Thursday, July 1, 2010

Flatscreen TV over a fireplace?

Plasma TV over the Fireplace? I am here to dispel the rumor that you cannot put a flat screen TV over a fireplace but you do need to take a few precautions. First, understand that flat screens operate safely in a temperature range of 32-100 degrees so you need to find out how hot it gets above your fireplace. Simply tape a thermometer to the wall at the lowest point where the screen would hang and get a rip-roaring fire going. Since the TV sticks out 3-4 inches you might want to mount the thermometer out 3-4 inches to simulate where the actual screen would be. After a while check to see the temperature readings. If it is at or above 100 degrees then it is too hot to have a fire and turn on the TV together, but as long as you don't try to do both you will be fine. The TV can be stored (or hung on the wall without a fire) at about 120 degrees without damaging the display, but I doubt many people keep their house at 120. Sometimes it's a matter of moving the TV up a little. Every mantel is different and if it sticks out far it might deflect heat much better than a puny mantel. Heat can also radiate out from the chimney so it's important to let the fire burn for a while, maybe an hour or more to get an accurate reading. TVs are designed to operate at a low-medium ambient temperature so manufactures will void the warranty if the TV was operated under high ambient temperatures for an extended period of time. On the flip side, if the TV gets too cold them the performance will start to degrade. I guess the moral of the story is don't bring the TV outside on Superbowl Sunday if you live up Nawth.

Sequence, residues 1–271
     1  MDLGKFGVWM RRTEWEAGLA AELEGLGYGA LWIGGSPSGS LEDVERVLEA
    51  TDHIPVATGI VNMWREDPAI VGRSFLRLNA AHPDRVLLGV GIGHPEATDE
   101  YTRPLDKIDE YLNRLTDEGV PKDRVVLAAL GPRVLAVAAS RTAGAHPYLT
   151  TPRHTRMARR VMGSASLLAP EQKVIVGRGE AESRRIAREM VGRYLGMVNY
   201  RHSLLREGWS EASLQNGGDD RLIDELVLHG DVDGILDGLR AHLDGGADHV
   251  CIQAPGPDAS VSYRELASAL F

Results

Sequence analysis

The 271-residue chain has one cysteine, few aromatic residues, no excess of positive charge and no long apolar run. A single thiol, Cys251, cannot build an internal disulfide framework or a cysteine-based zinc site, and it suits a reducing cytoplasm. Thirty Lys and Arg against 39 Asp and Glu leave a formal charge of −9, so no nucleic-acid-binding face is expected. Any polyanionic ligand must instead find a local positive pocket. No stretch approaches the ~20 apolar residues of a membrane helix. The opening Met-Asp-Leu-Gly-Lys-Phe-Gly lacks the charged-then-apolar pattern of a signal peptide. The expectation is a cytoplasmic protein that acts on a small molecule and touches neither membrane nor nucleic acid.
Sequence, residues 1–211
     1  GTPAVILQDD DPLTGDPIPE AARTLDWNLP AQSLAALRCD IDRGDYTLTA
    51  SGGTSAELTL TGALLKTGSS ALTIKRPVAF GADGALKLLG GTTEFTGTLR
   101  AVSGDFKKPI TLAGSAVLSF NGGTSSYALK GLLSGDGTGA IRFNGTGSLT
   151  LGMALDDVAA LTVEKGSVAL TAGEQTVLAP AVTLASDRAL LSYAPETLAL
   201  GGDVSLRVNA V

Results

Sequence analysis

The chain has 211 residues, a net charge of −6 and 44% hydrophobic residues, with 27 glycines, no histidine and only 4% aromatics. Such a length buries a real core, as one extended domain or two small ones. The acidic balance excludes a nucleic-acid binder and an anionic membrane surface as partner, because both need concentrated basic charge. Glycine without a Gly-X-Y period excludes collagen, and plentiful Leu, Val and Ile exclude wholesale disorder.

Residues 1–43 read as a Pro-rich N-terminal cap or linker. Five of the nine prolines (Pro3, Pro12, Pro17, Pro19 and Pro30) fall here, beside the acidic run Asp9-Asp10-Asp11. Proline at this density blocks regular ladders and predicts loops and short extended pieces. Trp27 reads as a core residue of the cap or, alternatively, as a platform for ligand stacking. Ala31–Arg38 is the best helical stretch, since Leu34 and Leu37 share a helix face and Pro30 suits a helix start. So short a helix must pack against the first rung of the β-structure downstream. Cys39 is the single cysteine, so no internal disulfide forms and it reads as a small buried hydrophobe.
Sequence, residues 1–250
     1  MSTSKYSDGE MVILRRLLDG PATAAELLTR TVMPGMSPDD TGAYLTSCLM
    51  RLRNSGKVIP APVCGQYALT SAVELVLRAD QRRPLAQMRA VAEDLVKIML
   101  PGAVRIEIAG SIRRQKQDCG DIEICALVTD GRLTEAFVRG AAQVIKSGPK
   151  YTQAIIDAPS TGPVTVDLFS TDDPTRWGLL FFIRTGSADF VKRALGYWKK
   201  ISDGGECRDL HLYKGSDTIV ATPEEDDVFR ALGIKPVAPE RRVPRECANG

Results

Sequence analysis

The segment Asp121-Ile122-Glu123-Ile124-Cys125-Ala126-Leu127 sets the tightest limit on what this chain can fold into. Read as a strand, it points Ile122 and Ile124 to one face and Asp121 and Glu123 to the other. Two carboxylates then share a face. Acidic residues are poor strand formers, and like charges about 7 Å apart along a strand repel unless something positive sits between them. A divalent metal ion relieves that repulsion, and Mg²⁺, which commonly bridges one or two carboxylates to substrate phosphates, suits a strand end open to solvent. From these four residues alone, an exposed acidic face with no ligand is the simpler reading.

Proper air flow is important so recessing the TV in the wall is not a great idea and when you want to upgrade from a 42" to the new 50" model you will have to rip the wall apart and enlarge the opening. Having the TV up so high puts it well above the optimum viewing height so you will need a good sturdy mounting bracket which can be tilted. If you have ever been in a sports bar you know what I mean as all the TVs seem to be staring down at you from the ceiling. Although it's fine for a while, watching a TV with your head tilted back might cause some neck fatigue so be prepared for this possibility. Optimally you want the center of the screen at eye level when seated in your comfy couch or Lazyboy. On the flip side, maybe one way to get the children to watch less TV is to make it less comfortable by placing it high on the wall.

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